A scholar that was

By Rafi Ullah

Courtesy to "The News"

Students of ancient South Asian history often encounter names such as Panini and Kautilya. It was due to the rich culture of learning and research that ancient Pakistan attracted students from all over the world to its centres of scholarship with Taxila being one of the most advanced universities of the time. In modern Pakistan, it abundantly goes to the credit of the late Dr Ahmad Hassan Dani who has in large part dug out the historical roots of the country and its people. To call him the repository of the history, archaeology, anthropology and linguistics of the area would not be an exaggeration.

What makes Professor Dani an intellectual of unmatchable stature is his deep understanding of the local knowledge and conventional wisdom in addition to a hold over modern scientific education. From this vantage point, he interpreted the process of continuity and change in the long history of Pakistan.

Dr Dani’s professional career started in 1945 under the supervision of the famous archaeologist, Sir Mortimer Wheeler. In the wake of partition he migrated to East Pakistan and served there in different capacities such as curator at Dhaka Museum and Assistant Professor at the University of Dhaka. In 1962, he joined the University of Peshawar as professor and founded the Department of Archaeology there. From 1971 till his death in 2009, Professor Dani served in the Quaid-i-Azam University Islamabad. Here he remained associated with the departments of History, Anthropology and the Taxila Institute of Asian Civilisations. It is in recognition of his life-long services that he was honoured with the title of Professor Emeritus.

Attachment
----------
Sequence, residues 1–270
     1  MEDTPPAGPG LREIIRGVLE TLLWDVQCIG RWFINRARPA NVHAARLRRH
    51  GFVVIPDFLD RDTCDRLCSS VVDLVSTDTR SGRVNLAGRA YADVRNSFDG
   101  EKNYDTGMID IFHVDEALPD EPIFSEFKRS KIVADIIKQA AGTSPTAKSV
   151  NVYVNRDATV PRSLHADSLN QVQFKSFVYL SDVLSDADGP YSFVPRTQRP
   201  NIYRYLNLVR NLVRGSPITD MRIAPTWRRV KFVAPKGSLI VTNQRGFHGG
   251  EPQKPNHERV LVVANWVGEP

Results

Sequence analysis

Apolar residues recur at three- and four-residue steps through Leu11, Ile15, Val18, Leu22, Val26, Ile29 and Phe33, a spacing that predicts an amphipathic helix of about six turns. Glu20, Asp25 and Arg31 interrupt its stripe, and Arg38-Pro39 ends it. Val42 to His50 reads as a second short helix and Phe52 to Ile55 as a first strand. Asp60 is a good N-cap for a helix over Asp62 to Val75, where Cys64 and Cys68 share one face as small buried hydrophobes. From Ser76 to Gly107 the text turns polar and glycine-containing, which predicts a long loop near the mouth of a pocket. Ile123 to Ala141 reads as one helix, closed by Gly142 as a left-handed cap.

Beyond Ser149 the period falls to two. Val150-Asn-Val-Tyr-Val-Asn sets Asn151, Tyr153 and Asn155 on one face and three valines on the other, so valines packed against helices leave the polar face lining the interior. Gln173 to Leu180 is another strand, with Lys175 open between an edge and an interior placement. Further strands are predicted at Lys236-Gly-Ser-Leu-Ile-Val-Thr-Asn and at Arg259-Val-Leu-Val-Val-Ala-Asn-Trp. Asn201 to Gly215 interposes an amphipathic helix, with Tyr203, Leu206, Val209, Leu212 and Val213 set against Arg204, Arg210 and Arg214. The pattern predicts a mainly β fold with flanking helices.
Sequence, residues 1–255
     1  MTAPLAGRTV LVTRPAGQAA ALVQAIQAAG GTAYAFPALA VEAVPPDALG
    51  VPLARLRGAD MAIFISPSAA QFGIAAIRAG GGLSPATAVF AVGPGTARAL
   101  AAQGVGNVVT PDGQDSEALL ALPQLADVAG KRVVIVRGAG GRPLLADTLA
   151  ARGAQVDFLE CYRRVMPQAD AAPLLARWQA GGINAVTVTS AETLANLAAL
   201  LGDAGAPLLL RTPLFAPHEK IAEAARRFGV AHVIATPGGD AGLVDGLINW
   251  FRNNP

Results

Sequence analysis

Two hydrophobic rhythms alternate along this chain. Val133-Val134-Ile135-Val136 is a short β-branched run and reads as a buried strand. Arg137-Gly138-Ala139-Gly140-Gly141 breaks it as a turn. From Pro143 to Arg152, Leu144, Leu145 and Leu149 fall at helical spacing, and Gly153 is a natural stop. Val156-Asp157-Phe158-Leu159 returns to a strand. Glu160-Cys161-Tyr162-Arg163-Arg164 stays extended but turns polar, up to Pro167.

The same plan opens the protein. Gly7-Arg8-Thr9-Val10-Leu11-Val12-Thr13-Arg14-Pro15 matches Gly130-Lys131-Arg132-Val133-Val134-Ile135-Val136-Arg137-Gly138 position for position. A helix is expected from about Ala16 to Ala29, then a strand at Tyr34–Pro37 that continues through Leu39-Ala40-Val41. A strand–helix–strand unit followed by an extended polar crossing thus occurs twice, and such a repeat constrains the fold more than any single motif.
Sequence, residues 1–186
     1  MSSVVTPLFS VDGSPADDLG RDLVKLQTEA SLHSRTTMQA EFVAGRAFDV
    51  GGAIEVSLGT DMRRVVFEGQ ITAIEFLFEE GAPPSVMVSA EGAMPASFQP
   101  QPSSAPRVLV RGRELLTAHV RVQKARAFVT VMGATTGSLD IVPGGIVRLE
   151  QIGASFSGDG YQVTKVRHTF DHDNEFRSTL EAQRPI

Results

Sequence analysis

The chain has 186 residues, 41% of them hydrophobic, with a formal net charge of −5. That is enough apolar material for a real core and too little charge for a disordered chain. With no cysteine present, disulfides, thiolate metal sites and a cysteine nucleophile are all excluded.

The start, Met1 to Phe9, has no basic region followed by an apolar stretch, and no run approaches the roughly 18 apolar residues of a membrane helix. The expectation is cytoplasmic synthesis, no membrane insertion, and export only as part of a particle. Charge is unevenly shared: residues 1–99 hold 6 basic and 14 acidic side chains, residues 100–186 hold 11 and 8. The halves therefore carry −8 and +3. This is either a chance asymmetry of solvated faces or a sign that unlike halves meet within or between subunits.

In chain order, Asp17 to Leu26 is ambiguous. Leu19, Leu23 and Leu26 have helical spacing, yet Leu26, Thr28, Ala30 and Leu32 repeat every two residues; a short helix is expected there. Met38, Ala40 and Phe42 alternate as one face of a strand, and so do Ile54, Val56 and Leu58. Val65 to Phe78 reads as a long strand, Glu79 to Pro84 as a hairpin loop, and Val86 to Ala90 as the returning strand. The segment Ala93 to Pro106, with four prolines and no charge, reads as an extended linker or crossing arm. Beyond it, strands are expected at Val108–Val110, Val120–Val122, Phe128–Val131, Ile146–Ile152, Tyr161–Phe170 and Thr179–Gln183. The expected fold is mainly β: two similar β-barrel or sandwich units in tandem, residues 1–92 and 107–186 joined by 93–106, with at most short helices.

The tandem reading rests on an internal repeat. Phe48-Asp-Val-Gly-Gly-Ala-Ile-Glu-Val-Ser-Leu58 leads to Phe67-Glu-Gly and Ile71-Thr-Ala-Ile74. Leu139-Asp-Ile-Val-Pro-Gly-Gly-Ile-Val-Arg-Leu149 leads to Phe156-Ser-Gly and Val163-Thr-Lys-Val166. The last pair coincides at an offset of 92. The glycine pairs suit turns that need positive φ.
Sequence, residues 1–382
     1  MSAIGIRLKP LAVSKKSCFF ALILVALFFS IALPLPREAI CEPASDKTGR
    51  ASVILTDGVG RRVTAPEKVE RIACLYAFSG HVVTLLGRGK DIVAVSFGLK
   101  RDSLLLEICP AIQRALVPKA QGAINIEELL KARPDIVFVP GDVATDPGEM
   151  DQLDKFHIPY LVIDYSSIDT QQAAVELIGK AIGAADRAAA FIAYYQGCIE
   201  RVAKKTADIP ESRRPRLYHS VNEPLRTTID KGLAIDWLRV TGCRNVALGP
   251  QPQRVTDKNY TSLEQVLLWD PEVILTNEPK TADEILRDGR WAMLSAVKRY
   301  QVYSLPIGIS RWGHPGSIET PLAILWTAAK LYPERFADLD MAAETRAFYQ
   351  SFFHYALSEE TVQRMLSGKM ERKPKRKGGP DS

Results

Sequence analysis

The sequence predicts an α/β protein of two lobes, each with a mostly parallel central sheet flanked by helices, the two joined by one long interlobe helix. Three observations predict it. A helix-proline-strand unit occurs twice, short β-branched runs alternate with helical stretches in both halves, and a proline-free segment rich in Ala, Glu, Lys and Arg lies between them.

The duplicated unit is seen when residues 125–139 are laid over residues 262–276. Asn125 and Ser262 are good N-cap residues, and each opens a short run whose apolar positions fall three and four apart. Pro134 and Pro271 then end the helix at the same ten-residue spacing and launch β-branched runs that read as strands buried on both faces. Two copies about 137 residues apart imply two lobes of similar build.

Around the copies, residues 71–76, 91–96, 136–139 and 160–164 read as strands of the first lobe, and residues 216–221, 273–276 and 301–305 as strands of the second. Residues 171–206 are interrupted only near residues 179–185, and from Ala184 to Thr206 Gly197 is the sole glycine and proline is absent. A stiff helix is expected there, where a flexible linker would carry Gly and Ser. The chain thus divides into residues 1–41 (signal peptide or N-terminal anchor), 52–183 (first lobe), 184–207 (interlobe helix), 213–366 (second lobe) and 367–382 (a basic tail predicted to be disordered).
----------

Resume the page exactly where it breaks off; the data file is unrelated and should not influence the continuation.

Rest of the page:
The Taxila Institute of Asian Civilizations owes a lot to Professor Dani. The establishment of the Institute tells the story of his lofty scholastic ideals. Dr Dani had a dream of founding a university at Taxila, the place which he believed was home to the first ever university of the world, dedicated to scholarship and research in Asian Civilizations. As a first step towards the realisation of his ideal, he established "Centre for the Study of the Civilisations of Central Asia" – which was later renamed as the "Taxila Institute of Asian Civilizations" – at the Quaid-i-Azam University, Islamabad. The institute has been an important centre of study and research and has a research journal entitled "Journal of Asian Civilizations" (formerly Journal of Central Asia).

Dr Dani weaves the social and cultural threads of the people of Pakistan with their long forgotten past. He states, "The geographical locale of Pakistan has determined the movements of peoples along with whom their cultures have followed. It is the inner capacity of the Indus valley which has absorbed both of them and it is out of this ethnic intermixture and cultural intermingling that a new Indus pattern has developed. That pattern is the heritage that belongs to the people of Pakistan." (History of Pakistan: Pakistan through Ages)